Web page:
Duracraft 17


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Aug 22, 2020
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We have owned a Duracraft 17’ boat for 20 years or so. It has a Mercury 70 on it and was built in 1979 or so. We redid the inside about 18 years ago and I just started today taking the decks and carpet out. I plan to fill holes that show and repaint and then redo the decks and carpet. One thing I don’t care for is the livewell is part of the console and it’s low and uncomfortable. So I plan to put a new livewell in the front deck and put a new side console in it.

So for a few questions-

What’s the best way to fill the old holes from screws and where old transducer was mounted?

What should I use for decking on floor and decks? I may use marine vinyl instead of carpet.

I’ll want to do new hatches etc. Will probably have more questions.

Paint- strip old paint off the outside, self etching primer and then paint with a couple finish coats?
Aluminum rivets have lasted for 30 years in unneeded holes. Freshwater boat.
Exterior plywood with at least 2 coats of U V resistant paint on all edges and surfaces.
Hatches have rust proof Piano Style hinges about 4 to 6" long with S S or Bronze hardware.
I use a soft Metal Wire Wheel to knock off loose paint. Then a light wipe down with Acetone before applying a primer.
DO NOT wire wheel any bare metal surfaces. Unless you want to paint it also.

The joy of DIY is now yours :)
I think you will be very happy with marine vinyl. Wrapping the edges of the 1/2 ply provides a lot of extra protection, IMO.

Piano hinges came up in another thread recently. If you are going to use piano hinges, get the offset ones. A typical piano hinge is fastened only to the edge grain. A screw in ply edge grain is more likely to work loose. Offset piano hinges are fastened to the edge and face and are much more robust. In case you have not used them, here is a pic of some in use on a tool cabinet in my garage. You can see how the wrap around feature provides superior support -- these 3/4 ply doors are heavy because they are full of tools. No sagging in 15+ years.

Ah a fellow hand tool lover. I’m not much of a user but I enjoy messing with them a bit.

Thanks for the info. Today I pulled everything off of boat except one old transducer I’ve never used. We washed it out and then took over to my dads pressure washer with hot water. It cleaned up the interior quite well and took the stripes off of the exterior. I have some aircraft rivets from the last time we redid boat and I’ll be replacing some blind type that were used between redos and using jb weld in small screw holes before paint.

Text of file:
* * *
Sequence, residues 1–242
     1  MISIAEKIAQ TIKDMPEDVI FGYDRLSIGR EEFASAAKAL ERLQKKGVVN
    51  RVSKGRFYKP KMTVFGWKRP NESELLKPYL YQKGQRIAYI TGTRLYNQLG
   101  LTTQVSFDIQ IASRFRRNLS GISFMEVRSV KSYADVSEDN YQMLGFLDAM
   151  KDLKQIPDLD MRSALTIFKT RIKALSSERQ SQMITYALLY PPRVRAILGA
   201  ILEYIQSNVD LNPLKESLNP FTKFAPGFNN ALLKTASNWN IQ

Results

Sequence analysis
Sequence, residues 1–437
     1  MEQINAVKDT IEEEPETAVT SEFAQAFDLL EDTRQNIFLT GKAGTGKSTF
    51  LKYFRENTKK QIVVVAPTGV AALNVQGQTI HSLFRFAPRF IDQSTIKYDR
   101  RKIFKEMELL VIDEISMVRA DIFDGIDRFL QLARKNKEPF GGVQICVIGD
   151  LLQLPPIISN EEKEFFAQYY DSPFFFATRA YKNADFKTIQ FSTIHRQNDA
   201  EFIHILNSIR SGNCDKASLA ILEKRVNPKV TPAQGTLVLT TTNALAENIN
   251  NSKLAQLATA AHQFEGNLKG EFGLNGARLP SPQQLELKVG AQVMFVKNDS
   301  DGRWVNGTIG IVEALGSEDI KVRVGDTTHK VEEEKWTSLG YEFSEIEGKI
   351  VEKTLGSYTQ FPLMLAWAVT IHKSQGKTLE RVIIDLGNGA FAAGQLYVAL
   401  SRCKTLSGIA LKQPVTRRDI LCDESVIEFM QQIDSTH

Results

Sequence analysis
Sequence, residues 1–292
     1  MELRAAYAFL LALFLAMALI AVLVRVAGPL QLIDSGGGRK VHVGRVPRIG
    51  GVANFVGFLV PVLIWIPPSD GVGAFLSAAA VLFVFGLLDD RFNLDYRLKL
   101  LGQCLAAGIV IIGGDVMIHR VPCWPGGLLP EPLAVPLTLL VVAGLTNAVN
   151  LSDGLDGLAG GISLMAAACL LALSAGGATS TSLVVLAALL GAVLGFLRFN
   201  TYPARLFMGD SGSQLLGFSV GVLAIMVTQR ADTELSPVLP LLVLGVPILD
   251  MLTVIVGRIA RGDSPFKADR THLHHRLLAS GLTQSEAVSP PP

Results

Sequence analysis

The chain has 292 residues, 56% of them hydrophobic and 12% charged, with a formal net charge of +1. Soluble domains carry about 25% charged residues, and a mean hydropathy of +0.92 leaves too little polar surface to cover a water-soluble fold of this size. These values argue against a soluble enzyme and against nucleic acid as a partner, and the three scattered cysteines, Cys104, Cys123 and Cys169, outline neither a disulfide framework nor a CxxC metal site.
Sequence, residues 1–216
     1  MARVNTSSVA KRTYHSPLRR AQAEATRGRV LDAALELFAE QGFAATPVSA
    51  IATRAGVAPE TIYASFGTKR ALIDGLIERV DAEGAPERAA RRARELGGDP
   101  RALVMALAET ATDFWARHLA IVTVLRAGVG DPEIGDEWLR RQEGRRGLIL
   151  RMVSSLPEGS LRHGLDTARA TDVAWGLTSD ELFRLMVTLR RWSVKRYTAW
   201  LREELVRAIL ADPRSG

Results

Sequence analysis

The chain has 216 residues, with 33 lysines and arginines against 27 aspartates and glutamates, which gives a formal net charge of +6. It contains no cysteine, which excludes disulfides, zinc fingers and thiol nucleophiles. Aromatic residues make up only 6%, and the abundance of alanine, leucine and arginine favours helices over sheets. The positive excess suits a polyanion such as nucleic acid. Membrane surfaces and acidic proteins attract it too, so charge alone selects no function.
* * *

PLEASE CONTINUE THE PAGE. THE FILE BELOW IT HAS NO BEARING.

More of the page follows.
My trailer has surface rust etc. it is a channel iron frame so might be a bit of a pain to grind rust out of the channel. Any ideas on how to get it cleaned up well enough to paint? The out side of frame should be pretty simple to clean up…
A Gluvit question… do I apply to rivets at inside of boat or outside of hull?
Picture of your boat? I’m a fan of aluminum and/or Coosa Board for floors/decks/transoms. Upfront cost is expensive compared to plywood but both are permanent non-deteriorating solutions that will never need replacing again. Actually cheaper in the long run. Holes can be filled with rivets, brazed, 5200, etc. Just depends on the size and location of the holes. If you’ll be using your boat in wet cold weather, vinyl tends to get slippery. Carpet holds water, dirt, oil, and assorted other substances. EVA foam or SafeFloor are, IMO, the best route for an all season boat. I put one new aluminum hatch and one new aluminum dry box/hatch in my recent total rebuild. They aren’t cheap either but there again, they’ll last forever. I used Raptor paint on the interior and will be painting the exterior next spring. Still undecided on which brand/type of exterior paint.
My floors are painted with sand sprinkled on them. While the walk on paint was wet. Lasts forever.
Looks like I’ll go with carpet. I have a bunch of rivets to replace and hope to do that tomorrow
Well… I ended up ordering some different rivets. We did get some in. And then I bought my neighbors boat so I guess this one will be for sale. Neighbor had an 1860 Duracraft that has a welded hull. There are some rivets inside boat but I don’t think any on bottom. Larger boat, came with 70 Yamaha.
Update- I stripped out the 1860 and replaced transom with starboard and aluminum. I had to pull off corner braces. When I got the transom replaced I took to welder and they welded up holes, cracked welds and they put a cap on the transom. It looks fantastic and should never need to be replaced again.

So now I need to put in some chases for wiring etc from front to back and to the console area before I put foam and aluminum sheathing back in. I plan to put battery in now for Terrova and Garmin and livewell. I’ll have one in back for starting etc. My question here is how many wire chases do I need from front to back?
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